Fritz Lang may be remembered for Metropolis, but for me his gift to film lovers is Scarlet Street.
- John Chard: If he were mean or vicious or if he’d bawl me out or something, I’d like him better.
Christopher Cross, in middle aged, and in a life going nowhere and devoid of love and inspiration. Till one evening he rescues Kitty March from a mugger, it’s the start of a relationship that has far reaching consequences for them, and those closest to them.
The previous year director Fritz Lang had made The Woman In The Window, a film that was hugely popular with critics and fans alike. Here he reunites from that excellent film with Edward G. Robinson, Joan Bennett and Dan Duryea, the result being what can arguably be described as one of the best exponents of Film Noir’s dark sensibilities. Adapting from works by André Mouézy-Éon and Georges de La Fouchardière (novel and play), this story of desperate love and greedy deceit had already had a big screen adaptation from Jean Renoir in 1931 as La chienne, which appropriately enough translates as The Bitch! Now there’s a Noir title if ever there was one! What Lang does with this adaptation is drip his own expressionism all over it, whilst crucially he doesn’t ease off from the harsher aspects of the story. This is nasty, cruel stuff, and with Lang at the time feeling a bit abused and used by the studio system he was slave to, who better to darkly cloak a sordid story with a biting edge? Is it purely coincidence that Lang took on this film about a struggling artist who’s vision is stifled by another? Possibly not one is inclined to feel.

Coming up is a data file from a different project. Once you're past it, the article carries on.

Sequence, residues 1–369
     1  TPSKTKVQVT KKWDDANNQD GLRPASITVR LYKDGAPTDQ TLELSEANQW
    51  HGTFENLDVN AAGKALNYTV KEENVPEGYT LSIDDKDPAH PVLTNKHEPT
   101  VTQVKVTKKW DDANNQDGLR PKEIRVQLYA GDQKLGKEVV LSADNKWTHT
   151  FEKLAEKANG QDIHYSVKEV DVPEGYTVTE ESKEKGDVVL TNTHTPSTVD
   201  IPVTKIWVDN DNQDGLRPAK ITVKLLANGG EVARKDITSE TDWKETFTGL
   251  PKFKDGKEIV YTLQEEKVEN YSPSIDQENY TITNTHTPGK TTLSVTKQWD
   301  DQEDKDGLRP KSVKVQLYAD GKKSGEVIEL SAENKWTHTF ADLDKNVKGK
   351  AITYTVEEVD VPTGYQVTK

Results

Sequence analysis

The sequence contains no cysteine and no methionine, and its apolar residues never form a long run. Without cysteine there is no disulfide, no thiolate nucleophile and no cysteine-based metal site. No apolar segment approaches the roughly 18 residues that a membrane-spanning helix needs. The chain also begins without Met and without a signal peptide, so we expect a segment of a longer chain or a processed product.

Edward G. Robinson is fabulous as the pathetic Chris Cross. Married to a wife who constantly heckles and belittles him (Rosalind Ivan), Robinson’s take on Cross garners empathy by the shed load, so much so that once Kitty (Bennett) and her beau, Johnny Prince (Duryea), start to scheme a scam on Chris, the audience are feeling as desperate as Cross was himself at the start of the movie. Few noir guys have so meekly fell under a femme fatale’s spell as the way Cross does for Kitty here. But such is Lang’s atmospherics, you not only sense that it’s going to go bad, you expect it to, and naturally Robinson is just the man to punch us in the guts with added impetus. Bennett and Duryea are very convincing, almost spitefully enjoying taking the hapless Robinson character for everything they can, and the visuals, especially during the bleak, shadowy last couple of reels, cap the mood perfectly.
This film is in truth probably saying more about its director than anything else that he made. And in fact it was said to be one of his all time favourites. That’s nice to find out because it finds him on particularly good, and yes, devilish form. Grim, brilliant and essential film noir. 9/10